Democrats Ignore Republican Plea for Compromise Budget; Push Through New Stop Gap Measure
In spite of unanimous opposition from House Republicans, last week members of the majority party pushed through a new $800 million stop gap measure to channel funds to social service agencies and institutions of higher learning.

Obviously I believe these agencies and institutions deserve to receive their funding, but this stop gap measure only sends very limited funding to specific programs and does not bring us any closer toward a full compromise budget that would end the uncertainty and suffering for these groups. For example, the spending plan includes only 36% of the funding for domestic violence shelters, only 36% for infant mortality programs, and only 38% for the senior meals program. It completely left out funding for other important components of the budget. To make matters worse, the plan was also filled with errors. It would spend $1.5 million on a program in Chicago that is no longer in existence, and more than $500,000 on two programs that are currently ineligible to receive funds due to noncompliance issues with reporting of how state funds were previously spent. In spite of the funding level discrepancies and the multitude of errors in the bill, HB 109 passed in a party-line vote of 64-45-1. It cannot be acted upon until the Senate returns at the end of April, so again, this is taking pressure off of lawmakers to pass a complete budget and giving a false sense of hope to these funding recipients.

We need a budget that provides state agencies and institutions with predictability that extends beyond more than just a few months. During the last few weeks, two different full budget proposals have been filed in the Illinois Senate, yet rather than work toward bipartisan agreement on one of those plans, the House floor action last Thursday suggested the majority party leadership has little interest in working together in a bipartisan fashion to reach an agreement on a full budget. It was incredibly disappointing.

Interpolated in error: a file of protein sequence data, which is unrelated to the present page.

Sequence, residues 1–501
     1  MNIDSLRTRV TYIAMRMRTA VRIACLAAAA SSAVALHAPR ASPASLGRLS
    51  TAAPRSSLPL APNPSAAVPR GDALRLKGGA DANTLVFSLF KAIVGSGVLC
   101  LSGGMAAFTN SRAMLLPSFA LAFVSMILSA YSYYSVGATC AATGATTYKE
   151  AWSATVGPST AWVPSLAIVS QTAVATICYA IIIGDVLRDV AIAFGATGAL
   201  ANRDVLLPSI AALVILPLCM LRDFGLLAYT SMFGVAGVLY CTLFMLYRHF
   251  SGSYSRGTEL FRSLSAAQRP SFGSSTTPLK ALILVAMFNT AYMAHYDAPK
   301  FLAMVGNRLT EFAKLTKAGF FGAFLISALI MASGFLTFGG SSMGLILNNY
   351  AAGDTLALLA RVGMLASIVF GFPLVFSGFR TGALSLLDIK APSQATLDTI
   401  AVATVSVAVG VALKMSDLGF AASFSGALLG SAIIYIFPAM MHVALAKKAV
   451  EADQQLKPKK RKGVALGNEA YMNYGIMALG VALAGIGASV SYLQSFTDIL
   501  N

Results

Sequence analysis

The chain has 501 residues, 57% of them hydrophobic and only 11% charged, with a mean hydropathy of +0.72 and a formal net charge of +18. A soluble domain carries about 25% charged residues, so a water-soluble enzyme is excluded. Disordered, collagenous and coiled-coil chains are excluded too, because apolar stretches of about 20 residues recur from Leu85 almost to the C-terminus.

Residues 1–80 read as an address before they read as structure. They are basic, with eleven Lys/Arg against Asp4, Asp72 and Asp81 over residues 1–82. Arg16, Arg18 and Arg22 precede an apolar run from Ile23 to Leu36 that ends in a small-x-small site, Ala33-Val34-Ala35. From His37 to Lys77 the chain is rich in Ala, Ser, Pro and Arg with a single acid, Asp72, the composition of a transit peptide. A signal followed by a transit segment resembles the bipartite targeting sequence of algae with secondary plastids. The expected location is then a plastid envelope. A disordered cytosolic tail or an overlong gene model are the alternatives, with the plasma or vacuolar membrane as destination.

Happy Easter!
Lastly, during this special time of year, I hope you are enjoying time with family, friends and loved ones as we celebrate this Easter and Passover season. Enjoy the nice weather and have a very Happy Easter!
A bill sponsored by State Representative Tom Morrison (R-Palatine) that provides municipalities with greater flexibility in their transportation plan reporting requirements sailed through the Illinois House in a unanimous vote on Wednesday.

HB 2363 seeks to eliminate a current burdensome mandate that requires municipalities to develop and keep up-to-date 20-year long-range highway transportation plans. The language included in HB 2363 would significantly reduce the number of years that must be included in municipal transportation plans.

“Currently IDOT requires municipalities with more than 5,000 residents to do a 20-year transportation study on their major thoroughfares, and in my conversations with public officials back home, they feel the current law is not practical. I have been told by officials from several municipalities that they only do the plans because they are required by law,” said Morrison. “It would be much more practical to require more of a five-year study. Most of the municipalities are already keeping five-year transportation plans up-to-date, and I believe that the data included in these five-year transportation plans is more than adequate for purposes of planning for the utilization of motor fuel tax dollars.”